December 13, 2017

57 Percent

Illustration by George Danby

Illustration by George Danby

• By John F. Chisholm •

A number of years ago I read that the U.S. Navy considers any one of its Tomcat fighter planes battle-ready if 80 percent of its complex flight, navigation and weapon systems are functioning.

I recall the article vividly.  I believe the piece appeared in Time magazine.  The arrogance of youth struck me when I read it.  I looked up from my seat in the waiting room.  “Wow.  I’d want to be certain that my parachute was 100 percent before I climbed into one of those.”

Age and experience have since tempered my reaction.  A bit of bitter honesty and some figures that don’t lie might help explain.

There are seven buildings on this farm.  Three of them leak.  We replaced the roof on the house last year or that would be added to the list.  We used the old metal roofing from the house to patch and repair the east side of the barn roof.  I thought it was a good idea at the time.  Perhaps it was.

It’s the west side of the barn that leaks this year.  I try to give myself excuse.  It’s an old building.  Unfortunately it doesn’t have to be old to leak.  Not around here.

The garage roof is freshly shingled.  That building is only 4 years old.  It leaks, too.

I used to admire the flock of mourning doves congregating atop it every morning and evening. Flapping, gregarious, perpetually cooing, I didn’t see them as a threat.  The flock roosts nightly in the pine hedge I set out as a wind-break along the west side of the lawn, a convenient and short flight from the garage.

But my view of mourning doves has recently changed.  Now I mourn right along with them.  A number of leaks developed in my brand-new garage roof.  Since I put the building up ― including the roof ― it’s very near and dear to my heart.  Moreover, every time I discover myself working on equipment in heated, neon-light splendor in the middle of January, I grow a bit fonder of the structure.

I used to work on equipment in the unheated barn, losing parts in the dirt floor and picking up wrenches in winter simply by brushing frosted metal with exposed skin.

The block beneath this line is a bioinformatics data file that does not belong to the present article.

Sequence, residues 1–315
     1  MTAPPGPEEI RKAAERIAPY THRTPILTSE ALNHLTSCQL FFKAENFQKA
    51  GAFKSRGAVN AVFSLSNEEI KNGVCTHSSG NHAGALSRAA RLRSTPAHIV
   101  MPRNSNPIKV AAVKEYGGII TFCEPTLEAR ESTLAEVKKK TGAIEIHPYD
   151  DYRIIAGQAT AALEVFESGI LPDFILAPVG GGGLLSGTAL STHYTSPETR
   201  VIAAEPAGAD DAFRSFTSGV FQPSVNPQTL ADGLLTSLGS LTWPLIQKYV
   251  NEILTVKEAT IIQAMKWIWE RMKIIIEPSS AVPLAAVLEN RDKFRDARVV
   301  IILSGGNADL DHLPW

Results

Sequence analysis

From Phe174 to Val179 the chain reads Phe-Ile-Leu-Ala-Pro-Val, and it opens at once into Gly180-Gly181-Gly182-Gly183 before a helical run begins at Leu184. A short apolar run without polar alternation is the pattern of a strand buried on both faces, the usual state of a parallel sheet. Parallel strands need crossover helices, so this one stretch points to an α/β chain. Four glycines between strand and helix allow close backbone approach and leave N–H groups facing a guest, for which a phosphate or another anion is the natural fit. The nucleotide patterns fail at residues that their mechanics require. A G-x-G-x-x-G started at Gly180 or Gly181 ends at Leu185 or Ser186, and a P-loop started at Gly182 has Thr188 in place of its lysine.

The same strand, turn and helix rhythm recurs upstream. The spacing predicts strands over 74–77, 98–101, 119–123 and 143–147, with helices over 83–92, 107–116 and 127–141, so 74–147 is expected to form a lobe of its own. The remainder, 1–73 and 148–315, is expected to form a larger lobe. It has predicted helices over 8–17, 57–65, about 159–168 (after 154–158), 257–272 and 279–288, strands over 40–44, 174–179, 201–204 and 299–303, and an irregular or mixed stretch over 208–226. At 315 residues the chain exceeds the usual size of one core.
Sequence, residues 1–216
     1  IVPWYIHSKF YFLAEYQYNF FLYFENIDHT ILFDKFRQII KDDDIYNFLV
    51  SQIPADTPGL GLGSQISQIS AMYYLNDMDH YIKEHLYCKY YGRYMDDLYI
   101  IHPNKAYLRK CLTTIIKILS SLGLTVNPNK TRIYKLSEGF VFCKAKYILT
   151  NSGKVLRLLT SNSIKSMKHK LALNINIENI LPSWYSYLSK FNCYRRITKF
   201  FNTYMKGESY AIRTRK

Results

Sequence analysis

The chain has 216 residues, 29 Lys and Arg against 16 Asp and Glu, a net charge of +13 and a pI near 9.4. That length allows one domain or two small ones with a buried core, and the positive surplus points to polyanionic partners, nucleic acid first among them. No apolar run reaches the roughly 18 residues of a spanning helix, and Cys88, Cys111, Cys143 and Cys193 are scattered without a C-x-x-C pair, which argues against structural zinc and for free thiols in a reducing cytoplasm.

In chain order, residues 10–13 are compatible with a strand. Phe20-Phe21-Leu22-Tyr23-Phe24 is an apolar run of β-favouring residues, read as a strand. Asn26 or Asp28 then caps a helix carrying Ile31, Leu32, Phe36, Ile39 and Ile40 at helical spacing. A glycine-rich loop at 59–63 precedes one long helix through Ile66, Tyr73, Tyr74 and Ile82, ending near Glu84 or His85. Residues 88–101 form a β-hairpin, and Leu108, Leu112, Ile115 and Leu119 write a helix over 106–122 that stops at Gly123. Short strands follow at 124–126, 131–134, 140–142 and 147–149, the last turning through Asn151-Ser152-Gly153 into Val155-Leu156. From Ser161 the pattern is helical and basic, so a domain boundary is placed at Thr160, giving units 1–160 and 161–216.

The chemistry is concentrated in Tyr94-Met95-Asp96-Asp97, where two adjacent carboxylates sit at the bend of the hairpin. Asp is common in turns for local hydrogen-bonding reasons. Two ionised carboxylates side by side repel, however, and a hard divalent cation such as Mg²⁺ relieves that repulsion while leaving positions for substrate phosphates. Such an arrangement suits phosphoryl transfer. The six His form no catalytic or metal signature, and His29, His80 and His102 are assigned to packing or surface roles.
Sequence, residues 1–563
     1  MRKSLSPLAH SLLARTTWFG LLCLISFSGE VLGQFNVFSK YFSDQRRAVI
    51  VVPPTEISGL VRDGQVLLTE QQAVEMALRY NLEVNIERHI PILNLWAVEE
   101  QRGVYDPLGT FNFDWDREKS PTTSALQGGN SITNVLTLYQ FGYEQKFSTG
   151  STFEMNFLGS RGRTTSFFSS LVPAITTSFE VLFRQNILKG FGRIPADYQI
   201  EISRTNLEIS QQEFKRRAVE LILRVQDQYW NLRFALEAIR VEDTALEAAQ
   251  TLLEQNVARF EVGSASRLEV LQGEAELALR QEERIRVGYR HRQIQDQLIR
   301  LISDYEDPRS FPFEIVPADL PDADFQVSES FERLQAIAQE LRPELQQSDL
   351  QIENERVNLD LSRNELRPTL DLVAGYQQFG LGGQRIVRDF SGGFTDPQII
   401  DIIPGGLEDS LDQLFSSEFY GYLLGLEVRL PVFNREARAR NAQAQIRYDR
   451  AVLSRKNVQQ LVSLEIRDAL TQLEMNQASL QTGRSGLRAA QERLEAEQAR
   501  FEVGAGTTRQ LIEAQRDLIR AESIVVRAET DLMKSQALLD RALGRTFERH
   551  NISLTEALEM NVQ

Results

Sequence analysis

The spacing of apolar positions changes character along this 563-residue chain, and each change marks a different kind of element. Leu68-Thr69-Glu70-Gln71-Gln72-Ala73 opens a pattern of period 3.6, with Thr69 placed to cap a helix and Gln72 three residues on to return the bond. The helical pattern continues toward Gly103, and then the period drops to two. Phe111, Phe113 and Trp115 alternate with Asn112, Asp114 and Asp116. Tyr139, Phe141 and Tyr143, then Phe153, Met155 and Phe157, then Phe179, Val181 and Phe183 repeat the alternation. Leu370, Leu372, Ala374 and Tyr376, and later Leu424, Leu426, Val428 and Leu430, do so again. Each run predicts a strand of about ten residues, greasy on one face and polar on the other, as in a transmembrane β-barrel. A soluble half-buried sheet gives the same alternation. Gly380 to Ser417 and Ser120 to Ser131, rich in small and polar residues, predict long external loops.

But back to the garage roof.  I recall cursing the leaks until I actually climbed up for a closer look.  Then the pure blue sky of early March turned a far deeper shade from the language employed.  I’ll be honest.  I didn’t count.  There were dozens, perhaps hundreds of holes in that roof.  They were spread all over.  On both sides.  At all elevations.

Before making a special trip to purchase another five gallons of roofing tar, I stared at the holes for several moments.  “How in heaven’s name did these get here?  These shingles were guaranteed 20 years!”

I gazed into middle space for a few moments more.  Slowly a nasty suspicion percolated at the top of my head, dropping hot thoughts over the rest of my brain.  I snapped my fingers.  “Mourning doves!”  I looked closely.  The holes certainly looked pecked, small, discrete and surrounded by denuded black roofing.

I spent a miserable day trying to spread cold roofing tar.  I kept trading cans, the one warming inside the garage on the woodstove with the one congealing outside on the roof with me.   Considering the conditions, it’s no surprise that I got more on me than on the shingles.

The next morning I went out with binoculars and stared at the mourning doves on the garage.  Observation appeared to confirm my thought.  They were pecking the roof.  But they did it so quickly, it was hard to be sure.  I went back into the house for the pellet gun.  A post-mortem proved it.  The sampled dove crop was filled with tiny, sharp pebbles.  The very size, color and appearance of those that once protected my shingles.

Now I look at mourning doves and shudder.  Sure, I might have corrected the leaks, but I’ve still got the problem.  Mourning doves still flock on my roof.  There are a great many more than I can shoot.  Plus, every time I miss, there’s another hole in my roof.

I’ve got to put up a metal roof if I can ever afford it.

Not that a metal roof is the definitive answer.  That’s because our third leaky roof is already metal.  It covers the storage shed we just purchased next door.  There, the neoprene gaskets surrounding each nail used to secure it in place are cracked.  Worse, a great many are missing altogether.  It’s startling the amount of water that comes through every tiny nail hole.

Now, stop a minute.  Think about all of this.  It’s all true.  And it covers just our roofs.  There are plenty of other things that are wrong beneath them, things requiring maintenance. There are clapboards that need replacing, windows which should be re-glazed.  In fact, the house should be completely repainted.  One of the electrical outlets in the garage keeps popping the circuit breaker.  The water stanchion in the barn leaks.  It’s a so-called frost-free spigot, meaning the bottom two-thirds are buried.  In actuality, that just means it’s that much more difficult to repair or replace.

Unfortunately, I could go on.  And on and on.

But getting back to my roofs, they provide a nice concrete number.  Three out of seven leak if you recall ― at least that I know about.  That means only 57 percent of my roofs are working.  Not a comforting statistic, I’m sure you’ll agree.  That figure has changed my perspective.

While I sincerely doubt that I’ll ever get this farm airborne, I can’t help but be impressed by the U.S. Navy.  They made it all the way to 80 percent.

Now that I’m older, that figure looks unbelievably good.